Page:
Mmm, Thursday — breathe in the GURPSy goodness! Today’s original “New to GURPS” topic was on recovering from injury and wounds, but I’m bumping that until next time so we can take a look at something I’ve received a few questions about recently: the role of gear/equipment, and how it affects your character.
GURPS loves gear. Loves it. Beyond the basic Equipment chapter in the Basic Set (pp. 264-289), there are entire volumes devoted to nothing but page after page after page of new and varied equipment, weapons, and armor so you can outfit your character exactly the way you want to. The main ones are:
- Bio-Tech: stuff to fix, augment, and replace your body and its parts… Body stuff!
- High-Tech: Present stuff!
- Low-Tech: Past stuff!
- Ultra-Tech: Future stuff!
Just those alone are nearly 1,000 pages, discussing and describing tools, medicines, weapons, armor, and general gear and technology, from the distant past to the farthest future. Some of the smaller books include gems like the various Loadouts (pre-made packages of items useful together) and the Spaceship series (for creating spaceships, or providing examples).
Point being — there are a ton of options out there for what you can equip your character with. For a lot of people, the broad and generic items from the Basic Set are plenty. Me? I completely love that I can choose from a score of different arms and armor, and that there is an actual mechanical difference between, say, an S&W Model 10 M&P .38 Special and an S&W Model 36 .38 Special (High-Tech, p. 94).
A few things to keep in mind about equipment:
- Some skills assume you have proper equipment. Having the proper gear — lockpicks for Lockpicking, tools for Mechanic, etc. — avoids penalties for having to improvise (p. 345).
- Weapons and armor are the great equalizers. GURPS equipment, particularly firearms and beyond, can level the playing field between characters of disparate power levels. A 25-point punk with a .357 magnum pistol can take out a 200-point martial arts master with a single lucky shot. (Some players will hate that. Others will read it and think, “This is as it should be. So say I.”)
- Characters can use cash to offset areas where they are weak. Melee fighters lacking in strength can buy fine or very fine weapons to do more damage. Ranged fighters can add scopes, stabilizers, special ammo and more to boost their skills even higher. Fighters with fewer Hit Points can use armor with high Damage Resistance to stay alive. Which means…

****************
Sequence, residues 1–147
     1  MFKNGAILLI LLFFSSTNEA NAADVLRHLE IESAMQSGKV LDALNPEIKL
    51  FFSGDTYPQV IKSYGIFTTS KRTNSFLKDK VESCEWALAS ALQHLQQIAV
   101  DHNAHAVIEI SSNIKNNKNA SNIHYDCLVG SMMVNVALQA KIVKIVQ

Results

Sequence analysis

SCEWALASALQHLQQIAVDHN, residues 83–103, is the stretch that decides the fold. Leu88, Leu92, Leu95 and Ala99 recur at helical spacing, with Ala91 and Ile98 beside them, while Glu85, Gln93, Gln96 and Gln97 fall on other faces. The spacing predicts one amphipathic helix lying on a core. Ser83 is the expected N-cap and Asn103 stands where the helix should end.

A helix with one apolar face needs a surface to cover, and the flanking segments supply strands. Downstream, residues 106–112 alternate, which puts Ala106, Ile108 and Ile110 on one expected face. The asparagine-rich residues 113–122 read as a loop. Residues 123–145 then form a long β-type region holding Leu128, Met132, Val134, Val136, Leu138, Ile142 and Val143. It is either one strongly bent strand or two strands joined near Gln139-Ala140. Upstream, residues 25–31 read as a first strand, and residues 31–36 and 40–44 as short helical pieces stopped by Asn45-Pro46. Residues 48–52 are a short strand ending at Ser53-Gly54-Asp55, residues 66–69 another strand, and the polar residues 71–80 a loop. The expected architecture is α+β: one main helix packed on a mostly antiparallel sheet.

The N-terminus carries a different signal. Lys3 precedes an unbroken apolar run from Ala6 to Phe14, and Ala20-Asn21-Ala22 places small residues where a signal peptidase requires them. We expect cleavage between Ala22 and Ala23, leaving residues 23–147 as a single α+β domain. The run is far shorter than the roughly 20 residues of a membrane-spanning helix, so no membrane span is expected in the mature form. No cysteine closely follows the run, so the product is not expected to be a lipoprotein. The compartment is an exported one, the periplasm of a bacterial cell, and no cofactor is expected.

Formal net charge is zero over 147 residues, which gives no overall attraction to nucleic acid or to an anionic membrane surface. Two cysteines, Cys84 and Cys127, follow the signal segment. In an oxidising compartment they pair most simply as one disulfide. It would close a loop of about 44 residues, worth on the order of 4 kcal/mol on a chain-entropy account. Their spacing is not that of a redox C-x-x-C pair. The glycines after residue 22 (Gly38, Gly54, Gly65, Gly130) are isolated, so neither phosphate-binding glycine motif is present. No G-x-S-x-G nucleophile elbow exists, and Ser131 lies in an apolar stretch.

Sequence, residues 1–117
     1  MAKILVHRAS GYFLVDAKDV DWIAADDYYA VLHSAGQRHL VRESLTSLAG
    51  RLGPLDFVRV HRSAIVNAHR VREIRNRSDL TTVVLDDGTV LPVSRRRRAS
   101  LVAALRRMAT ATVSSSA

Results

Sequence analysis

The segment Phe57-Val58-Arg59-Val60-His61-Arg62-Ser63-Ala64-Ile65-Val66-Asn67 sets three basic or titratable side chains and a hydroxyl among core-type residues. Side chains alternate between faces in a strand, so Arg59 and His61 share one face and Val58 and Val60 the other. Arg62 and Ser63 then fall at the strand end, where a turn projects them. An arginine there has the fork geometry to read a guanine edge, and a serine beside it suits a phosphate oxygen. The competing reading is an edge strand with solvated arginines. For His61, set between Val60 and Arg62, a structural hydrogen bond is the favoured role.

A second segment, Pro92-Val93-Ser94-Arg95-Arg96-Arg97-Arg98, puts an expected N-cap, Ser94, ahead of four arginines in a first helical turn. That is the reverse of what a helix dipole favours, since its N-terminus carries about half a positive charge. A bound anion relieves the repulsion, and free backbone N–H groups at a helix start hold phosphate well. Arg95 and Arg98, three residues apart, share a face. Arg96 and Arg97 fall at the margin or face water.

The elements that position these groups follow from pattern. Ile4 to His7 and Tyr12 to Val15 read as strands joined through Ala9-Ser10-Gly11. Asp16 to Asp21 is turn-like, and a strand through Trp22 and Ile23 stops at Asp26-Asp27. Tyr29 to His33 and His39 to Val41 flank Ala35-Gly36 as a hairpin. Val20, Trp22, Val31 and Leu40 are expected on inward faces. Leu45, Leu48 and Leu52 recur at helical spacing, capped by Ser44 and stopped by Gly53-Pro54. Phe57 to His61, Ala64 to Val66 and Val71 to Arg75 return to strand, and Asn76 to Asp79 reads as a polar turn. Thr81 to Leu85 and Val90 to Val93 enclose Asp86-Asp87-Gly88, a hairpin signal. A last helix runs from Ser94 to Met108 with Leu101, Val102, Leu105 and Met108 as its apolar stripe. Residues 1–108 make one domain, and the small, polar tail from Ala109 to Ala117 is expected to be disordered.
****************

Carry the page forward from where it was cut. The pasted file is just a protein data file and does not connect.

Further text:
- Levels of the Wealth advantage are worth taking. Every piece of gear has a “dollar” value attached to it, so the more Wealth a character has access to, the more cool stuff he can buy. Which also means…
- High Strength is worth taking at all Tech Levels. Every piece of gear also has a specific weight, and if you are tracking Encumbrance in your game, the stronger you are, the more you can carry without become bogged down.
- Hit Locations become even more important. A knight with armor on his torso, arms, and legs but no helmet is just begging for a head shot.
With all that in mind, when it comes time to select your weapons and armor, you basically want to select the items you can afford with your starting wealth (p. 27) that also do the most damage and offer the most protection without slowing you down too much.
When I created Kerna for the intermediate series of posts, I cheated a bit because she’s not a “real” character, to be played, but rather meant to illustrate certain aspects of the game. So, the only gear on her sheet is weapons and armor… no rope, mirror, food, tools, books, maps, or anything not directly relevant to the examples at hand.
I also had the militia she is a member of subsidize her equipment — she is carrying about $1,800 worth of armor and weapons, but her starting wealth at TL3 would normally only be $1,000 (that would probably make them a Patron, pp. 72-74, if I wanted to charge points for it). I really wanted her to have some beefy armor, and a shield, because Rex, our example fighter from the basic posts, wore no armor at all.
Had I been sticking to budget, she would be wearing leather (DR 2) and mail (DR 4/2) instead of scale (DR 4) armor, and wielding a shortsword (1d imp/2d-1 cut) instead of a thrusting broadsword (1d+2 imp/2d cut).
Even if money is no issue, always remember the “without slowing you down too much” part of the equation. The more weight you carry relative to your ST, the more encumbered you become, which lowers your movement and your Dodge (p. 17). A ST 10 character wearing lots of steel and heavy plate armor, wielding a broadsword and shield, will be well-protected behind piles of DR… but may only be able to move 1 or 2 hexes per turn, and have a hard time dodging incoming attacks.
It’s important to find the balance between cost, protection, and encumbrance for each character. It was fine for Rex to have no armor, because in an Old West setting almost no one has any kind of armor, so he’s not at a disadvantage. A heavily-armored soldier, fighting alongside others in formation against similarly slow-moving enemies, won’t have as much issue with a low Dodge and slow movement as will a skirmisher tasked with hit-and-fade attacks against the enemy’s flanks.
Like most things with GURPS… the choice is yours.
Did I miss anything equipment-related you’re curious about? Forget anything that should be front and center? Let me know!
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